Let’s take our buildings as another example. Their energy demand is regulated by law. The relevant paragraph states that each building is to be constructed in a way that it does not consume more energy than is economical – details are stated in a regulation. If it is assumed in this regulation that within the next few decades the oil and gas prices valid at the moment remain constant, even nominally, and CO? prices are ignored, then with this maxim alone, these environmental pollutants are produced in the energetic design of the buildings like those we have, for instance, in Germany – not to mention in Great Britain. Today’s enormous need for reconstruction is already produced; it is nothing more than the result of an unprofessional interpretation of law over the last 40 years. It does not take much to avoid this at least in the future. Only common sense which is used on a global level.

Technologies

The development of technologies is a central motivator and bearer of hope. I think from the perspective of the end: I cannot imagine that we will have solved the climate issue, having greenhouse gas emissions of zero or from year 2070 on even ‘negative’ emissions, with CO? prices of approximately EUR 100 per tonne and more, with a system of leadership based on the control of the CO? currency – more or less without misuse. The leadership to come cannot achieve anything better than today’s control of financial flows – anything else would be an illusion. There will always be small farmers and mafia-like structures that will find a loophole in this system of leadership.

I only see a solution if climate-friendly options are made more competitive than climate-damaging ones. The change of the competitive relations has to come from technology development. The policy of technology development satisfies these requirements only partly in a traditional way, but in the end they do not really fulfil them. A rather qualitative leap is needed for that. One of those leaps was the development of photovoltaics through the German Renewable Energy Act (EEG). For the repetition and transmission of that, the requirements of this success have to be closely examined. It is not enough to simply say that it was due to the EEG. I would like to point out four of the requirements:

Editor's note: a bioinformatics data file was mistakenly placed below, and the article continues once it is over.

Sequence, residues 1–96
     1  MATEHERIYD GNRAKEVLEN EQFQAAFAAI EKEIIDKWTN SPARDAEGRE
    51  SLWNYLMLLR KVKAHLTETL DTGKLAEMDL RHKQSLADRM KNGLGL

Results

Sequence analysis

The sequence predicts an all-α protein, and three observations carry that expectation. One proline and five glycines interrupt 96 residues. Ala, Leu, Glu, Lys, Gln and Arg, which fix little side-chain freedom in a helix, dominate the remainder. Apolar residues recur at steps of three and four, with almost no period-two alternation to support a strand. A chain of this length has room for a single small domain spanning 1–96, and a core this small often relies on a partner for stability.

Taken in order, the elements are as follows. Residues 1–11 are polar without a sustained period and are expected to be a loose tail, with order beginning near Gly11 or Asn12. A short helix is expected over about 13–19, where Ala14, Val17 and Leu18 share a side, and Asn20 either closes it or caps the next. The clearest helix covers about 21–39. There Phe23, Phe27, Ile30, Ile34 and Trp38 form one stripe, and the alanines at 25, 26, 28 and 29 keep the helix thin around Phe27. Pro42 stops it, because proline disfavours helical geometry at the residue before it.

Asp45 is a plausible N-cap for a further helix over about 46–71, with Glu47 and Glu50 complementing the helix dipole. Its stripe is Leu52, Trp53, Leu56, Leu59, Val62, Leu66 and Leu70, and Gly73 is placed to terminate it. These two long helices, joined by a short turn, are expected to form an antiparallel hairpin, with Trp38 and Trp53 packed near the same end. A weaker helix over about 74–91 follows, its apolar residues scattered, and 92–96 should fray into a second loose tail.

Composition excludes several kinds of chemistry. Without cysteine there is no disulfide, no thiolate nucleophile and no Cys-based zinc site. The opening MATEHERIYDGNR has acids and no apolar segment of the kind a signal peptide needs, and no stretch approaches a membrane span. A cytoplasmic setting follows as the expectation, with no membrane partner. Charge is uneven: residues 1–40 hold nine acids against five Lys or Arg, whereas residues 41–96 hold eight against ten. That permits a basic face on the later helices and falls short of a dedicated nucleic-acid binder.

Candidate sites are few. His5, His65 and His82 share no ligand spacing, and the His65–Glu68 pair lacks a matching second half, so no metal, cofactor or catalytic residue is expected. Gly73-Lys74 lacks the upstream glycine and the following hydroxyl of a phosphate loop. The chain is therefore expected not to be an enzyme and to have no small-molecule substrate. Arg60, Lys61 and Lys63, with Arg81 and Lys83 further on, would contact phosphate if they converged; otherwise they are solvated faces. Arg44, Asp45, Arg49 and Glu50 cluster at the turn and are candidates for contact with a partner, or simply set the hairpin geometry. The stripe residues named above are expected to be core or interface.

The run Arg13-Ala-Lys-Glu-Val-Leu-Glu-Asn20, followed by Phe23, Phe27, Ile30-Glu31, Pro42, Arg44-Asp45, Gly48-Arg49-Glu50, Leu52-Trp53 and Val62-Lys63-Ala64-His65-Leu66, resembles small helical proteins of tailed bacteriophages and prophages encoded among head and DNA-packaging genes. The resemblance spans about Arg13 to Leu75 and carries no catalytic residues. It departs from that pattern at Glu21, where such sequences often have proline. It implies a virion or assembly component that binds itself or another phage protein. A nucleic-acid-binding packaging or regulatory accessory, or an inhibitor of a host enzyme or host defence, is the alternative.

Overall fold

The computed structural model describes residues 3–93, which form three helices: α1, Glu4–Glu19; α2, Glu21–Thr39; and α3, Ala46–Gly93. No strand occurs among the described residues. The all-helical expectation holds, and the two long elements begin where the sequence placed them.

• Modularity is crucial;

• It has to be accepted that development and market introduction are dependent on each other – when they are ripped apart according to the old concept, the requirements for success are destroyed;

• This is why it is extremely expensive. And the budgets of classical R&D policy cannot afford it. In this respect, an international need for coordination is due;

• It is not possible to do so without at least temporary protection from external influences in the international trade, as it has been done with e.g. the patent principle. What happened to the German photovoltaic industry is a catastrophe for the acceptance of such a large-scale form of technology development.

Model of Society/Sufficiency

At the end comes probably the most difficult one. But also the most promising.

With the fossil-based industrial society, Europe has created the model of a society that is, from a global perspective, a role model without peer – which is an incredible success for a ‘brand’. At the same time, this describes a central mechanism of climate change – even if it is here the negative, climate-damaging side: the mechanism of role model and realisation, the urge of following elites – and then of the crowd – to become part of a model of prosperity, of demonstrated status symbols of wealth, erotic and power. This mechanism works regardless of the reification of the status symbols. In this way, the energy of becoming part of one of the abovementioned can be easily used to change the image whose copy people try to match variously. The mind has to change, that is all. This is what we call sufficiency at the Wuppertal Institute in Germany.

Dr. Hans-Jochen Luhman is a Senior Expert at Wuppertal Institute for Climate, Environment and Energy in Germany. This article is a slightly adapted excerpt of his speech at the KLIMA.FORUM NRW to the topic Ohne Grenzen: Effektive Klimapolitik von Essen bis Brüssel (‘without limits: effective climate policy from Essen to Brussels’) on 30 January 2014 in Düsseldorf, Germany. In factory S/HE – Gender, he recently wrote about a biography of the environmental pioneer Rachel Carson.

More articles on the topic of frustration & failure and sustainability are either online or in our factory Magazine Sisyphus. Fine illustrated and good readable on tablet computers and screens the PDF magazine contains all articles and pictures with numbers and citations to topic and is free to download.